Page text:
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Gig working is the new buzz word in employment circles.  It allows you to work (gigs) when and where you want without the obligations that come with normal employment. 

Here we look at what a gig worker is, why it’s a good opportunity for some people, and some of the pitfalls due to lack of employment regulation. 

WHAT IS A GIG WORKER 

Formerly used to refer to engagements for musicians, the term “gig” is a word that traditionally describes a job that is a one-time engagement that lasts for a specified period of time.  

Examples of gig workers include:

  • Food delivery services such as DoorDash and MenuLog
  • Ride shares such as Uber
  • Professional services for a fee (i.e. freelance professionals) 

Unlike employees who are obliged to work set hours, may have to wear a uniform and are unable to subcontract their labour, a gig worker has none of those obligations.  And if they are subject to any of the above, they are technically employees rather than gig workers. 

BENEFITS OF GIG WORKING 

Like other industry disruptors, there are benefits for both business and workers. 

The benefits for business include:

  • Cheap work force – Gig workers are only paid by the job and are not subject to minimum wage and overtime.
  • No benefits to pay – Gig workers do not receive benefits, workers compensation, or paid time off such as holiday or sick pay when they are unable to work.
  • No safety liability – Gig workers may be exposed to risks such as traffic accidents or assaults, but the company has no responsibility towards them for compensation or providing a safe workplace.
  • Ability to access specialist knowledge – Companies can tap into expertise on a one- time, on-demand basis, without having to employ a full time expert.
  • Scalability – Companies who use gig workers have the ability to scale their business up or down as it expands or contracts without the need to pay redundancy payments. 

The benefits for the individual include:

  • Flexibility – Gig workers can usually work when and where they want and name their own hours.
  • Extra income –  Gig workers can supplement the income from their existing job by working at times that are convenient for them.  This can also be a source of income during periods of unemployment.
  • Greater control – A good work life balance is highly sought after by all employees, but gig workers are actually able to control work/home life ratio more effectively because they choose their own hours.

PROBLEMS OF GIG WORKING 

Despite the obvious benefits to the individual, gig work also comes with its own inherent problems.  These include: 

No job security

Sally does gigs for a food delivery service and the owner decides he’d rather have only male drivers. Sally is dismissed without notice and has no recourse to discrimination or unfair dismissal laws because she is an ‘independent contractor’.

No health and safety protections

Sally is sideswiped by a car while delivering food and suffers injuries resulting in time off work.  The company she gigs for has no obligations with regards to workers compensation. 

No work benefits   

Sally takes a short break from her food delivery gig but she must fund her break entirely herself because the company has no obligation to pay during break periods.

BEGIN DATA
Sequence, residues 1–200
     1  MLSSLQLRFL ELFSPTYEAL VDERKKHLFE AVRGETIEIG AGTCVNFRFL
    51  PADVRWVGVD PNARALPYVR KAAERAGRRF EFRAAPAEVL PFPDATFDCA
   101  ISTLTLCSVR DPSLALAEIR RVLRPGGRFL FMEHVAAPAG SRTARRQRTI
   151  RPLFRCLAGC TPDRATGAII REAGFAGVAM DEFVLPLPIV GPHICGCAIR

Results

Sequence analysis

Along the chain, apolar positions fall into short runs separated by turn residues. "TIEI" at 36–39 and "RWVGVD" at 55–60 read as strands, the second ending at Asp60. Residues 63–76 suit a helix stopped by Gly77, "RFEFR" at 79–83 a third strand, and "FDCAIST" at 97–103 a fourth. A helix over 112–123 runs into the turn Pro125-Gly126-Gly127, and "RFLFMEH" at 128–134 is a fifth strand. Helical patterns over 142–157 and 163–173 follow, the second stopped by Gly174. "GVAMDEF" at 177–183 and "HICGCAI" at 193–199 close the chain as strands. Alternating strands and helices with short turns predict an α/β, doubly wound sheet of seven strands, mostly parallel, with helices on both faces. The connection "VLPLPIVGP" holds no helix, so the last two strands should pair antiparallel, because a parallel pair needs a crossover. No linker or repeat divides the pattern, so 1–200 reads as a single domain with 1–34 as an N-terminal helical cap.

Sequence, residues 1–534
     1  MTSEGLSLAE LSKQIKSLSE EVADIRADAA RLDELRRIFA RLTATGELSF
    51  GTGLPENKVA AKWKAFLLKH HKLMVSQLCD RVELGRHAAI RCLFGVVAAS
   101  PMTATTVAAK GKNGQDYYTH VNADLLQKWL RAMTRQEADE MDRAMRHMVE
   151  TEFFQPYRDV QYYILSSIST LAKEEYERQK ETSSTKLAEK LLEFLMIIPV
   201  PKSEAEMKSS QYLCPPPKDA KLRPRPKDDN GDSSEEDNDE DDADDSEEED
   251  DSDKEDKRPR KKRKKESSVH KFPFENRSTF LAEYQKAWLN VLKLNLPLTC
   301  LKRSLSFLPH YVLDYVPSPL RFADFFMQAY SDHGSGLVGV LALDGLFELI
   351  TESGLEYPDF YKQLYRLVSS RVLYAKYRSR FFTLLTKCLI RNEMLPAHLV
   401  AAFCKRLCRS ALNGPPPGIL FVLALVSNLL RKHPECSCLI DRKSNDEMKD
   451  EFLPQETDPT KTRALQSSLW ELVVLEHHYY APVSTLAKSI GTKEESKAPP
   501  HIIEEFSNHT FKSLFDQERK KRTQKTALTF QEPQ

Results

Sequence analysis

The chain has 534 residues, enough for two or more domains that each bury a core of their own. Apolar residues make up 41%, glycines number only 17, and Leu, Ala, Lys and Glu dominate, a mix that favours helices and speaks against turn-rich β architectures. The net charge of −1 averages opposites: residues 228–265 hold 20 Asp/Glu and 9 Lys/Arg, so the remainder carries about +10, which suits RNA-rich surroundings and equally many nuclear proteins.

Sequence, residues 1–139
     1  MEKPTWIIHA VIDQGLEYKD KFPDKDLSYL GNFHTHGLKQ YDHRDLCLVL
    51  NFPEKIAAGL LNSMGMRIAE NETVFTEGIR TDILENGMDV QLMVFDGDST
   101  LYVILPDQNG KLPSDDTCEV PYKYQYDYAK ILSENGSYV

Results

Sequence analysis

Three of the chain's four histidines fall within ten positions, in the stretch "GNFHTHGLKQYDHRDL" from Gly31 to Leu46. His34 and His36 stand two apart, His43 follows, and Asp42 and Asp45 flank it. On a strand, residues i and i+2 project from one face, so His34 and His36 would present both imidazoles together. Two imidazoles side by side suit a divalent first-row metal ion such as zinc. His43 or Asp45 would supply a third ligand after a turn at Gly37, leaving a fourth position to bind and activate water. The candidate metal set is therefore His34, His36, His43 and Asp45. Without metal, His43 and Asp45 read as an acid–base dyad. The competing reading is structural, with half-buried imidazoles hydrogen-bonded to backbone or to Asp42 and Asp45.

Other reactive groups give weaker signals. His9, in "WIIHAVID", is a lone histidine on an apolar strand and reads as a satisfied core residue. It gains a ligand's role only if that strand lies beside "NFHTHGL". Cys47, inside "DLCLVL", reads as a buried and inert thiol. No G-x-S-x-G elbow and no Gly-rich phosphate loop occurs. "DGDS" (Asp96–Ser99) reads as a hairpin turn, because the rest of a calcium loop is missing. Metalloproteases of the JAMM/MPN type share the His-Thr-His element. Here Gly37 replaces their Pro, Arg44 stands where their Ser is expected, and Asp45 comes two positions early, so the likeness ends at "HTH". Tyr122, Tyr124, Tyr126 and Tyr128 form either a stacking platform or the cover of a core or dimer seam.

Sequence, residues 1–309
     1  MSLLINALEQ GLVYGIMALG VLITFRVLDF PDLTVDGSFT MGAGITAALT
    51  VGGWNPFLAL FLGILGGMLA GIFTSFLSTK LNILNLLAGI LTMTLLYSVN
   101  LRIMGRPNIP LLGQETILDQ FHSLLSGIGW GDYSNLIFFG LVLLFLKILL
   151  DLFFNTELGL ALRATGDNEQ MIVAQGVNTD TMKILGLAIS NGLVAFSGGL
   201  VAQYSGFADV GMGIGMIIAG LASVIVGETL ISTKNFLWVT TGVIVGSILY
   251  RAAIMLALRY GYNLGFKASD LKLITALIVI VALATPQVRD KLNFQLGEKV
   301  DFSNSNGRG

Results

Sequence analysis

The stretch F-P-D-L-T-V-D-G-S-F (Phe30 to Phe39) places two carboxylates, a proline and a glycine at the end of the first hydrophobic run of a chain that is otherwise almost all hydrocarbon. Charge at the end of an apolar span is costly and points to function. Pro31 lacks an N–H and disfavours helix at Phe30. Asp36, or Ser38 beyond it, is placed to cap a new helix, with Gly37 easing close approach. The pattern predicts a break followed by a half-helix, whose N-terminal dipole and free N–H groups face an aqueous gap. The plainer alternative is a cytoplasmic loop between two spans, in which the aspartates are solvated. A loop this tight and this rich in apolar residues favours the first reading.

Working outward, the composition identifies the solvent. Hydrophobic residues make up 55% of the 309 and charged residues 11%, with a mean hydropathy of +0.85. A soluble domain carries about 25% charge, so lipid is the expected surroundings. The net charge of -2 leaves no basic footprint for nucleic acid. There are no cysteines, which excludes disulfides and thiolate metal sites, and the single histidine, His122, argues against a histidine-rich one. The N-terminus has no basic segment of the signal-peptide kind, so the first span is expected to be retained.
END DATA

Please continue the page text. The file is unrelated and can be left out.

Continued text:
No legal protection against workplace misconduct

Sally receives unwanted attention from one of the other delivery drivers, but she is unable to make a formal complaint of sexual harassment as the company she gigs for has no liability towards independent contractors. Instead she is required to submit a personal police report and be responsible for court fees if there is evidence to substantiate her claim.

No minimum wage

Sally generally receives only an amount for each delivery she makes, not a minimum wage salary, and the company takes its cut from that as well.

No overtime or penalty rates

Sally is often asked to work on Sundays. She agrees because she needs the money, but she is not eligible for overtime or penalty rates. 

MOVE FOR CHANGE 

While there is a move to regulate gig employment, one of the main obstacles is defining exactly what a gig worker is.  One definition is how financially dependent they are on the employer (i.e. how much they earn and how long that work continues). 

Gig salary culture around the world

In Australia, the federal government is looking at introducing a new category to try and regulate the gig economy, but this has been criticised due to it’s failure to address the current gig situation. In Queensland in particular, they are introducing new laws relating to gig workers that give them minimum entitlements and conditions such as minimum wage, some paid leave and remedies for unfair dismissal.

Pressure from unions is also starting to have an impact, with industry disruptors such as Uber and DoorDash agreeing to minimum wages and conditions for their delivery drivers. 

In the US, change is much slower – the tip-reliant culture means there are little to no state regulations that advocate for the minimum salary wages and a business’ obligations to fair recompense for employees, let alone gig workers.

In the UK, according to a study by the University of Bristol, 52% of gig economy workers surveyed are earning less than the minimum wage, and more than 75% experience work-related anxiety and insecurity.

Whilst change is coming, it’s still slow and in the meantime gig workers continue to endure low wages, unfavourable working conditions and lack of basic employment entitlements.  If reform means we have to pay a couple of dollars more for our takeaways, surely that’s worth it to avoid a lower economic class of workers becoming the norm.  

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